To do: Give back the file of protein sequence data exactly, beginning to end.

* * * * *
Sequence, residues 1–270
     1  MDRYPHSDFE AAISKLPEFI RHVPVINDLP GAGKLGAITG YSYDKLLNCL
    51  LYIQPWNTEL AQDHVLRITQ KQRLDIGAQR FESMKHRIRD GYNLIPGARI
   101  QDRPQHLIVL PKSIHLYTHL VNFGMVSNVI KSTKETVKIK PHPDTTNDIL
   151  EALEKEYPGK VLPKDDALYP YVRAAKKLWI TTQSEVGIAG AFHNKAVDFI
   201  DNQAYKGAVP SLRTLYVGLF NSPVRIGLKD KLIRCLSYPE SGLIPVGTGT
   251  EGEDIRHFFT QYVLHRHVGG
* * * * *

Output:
Sequence, residues 1–270
     1  MDRYPHSDFE AAISKLPEFI RHVPVINDLP GAGKLGAITG YSYDKLLNCL
    51  LYIQPWNTEL AQDHVLRITQ KQRLDIGAQR FESMKHRIRD GYNLIPGARI
   101  QDRPQHLIVL PKSIHLYTHL VNFGMVSNVI KSTKETVKIK PHPDTTNDIL
   151  EALEKEYPGK VLPKDDALYP YVRAAKKLWI TTQSEVGIAG AFHNKAVDFI
   201  DNQAYKGAVP SLRTLYVGLF NSPVRIGLKD KLIRCLSYPE SGLIPVGTGT
   251  EGEDIRHFFT QYVLHRHVGG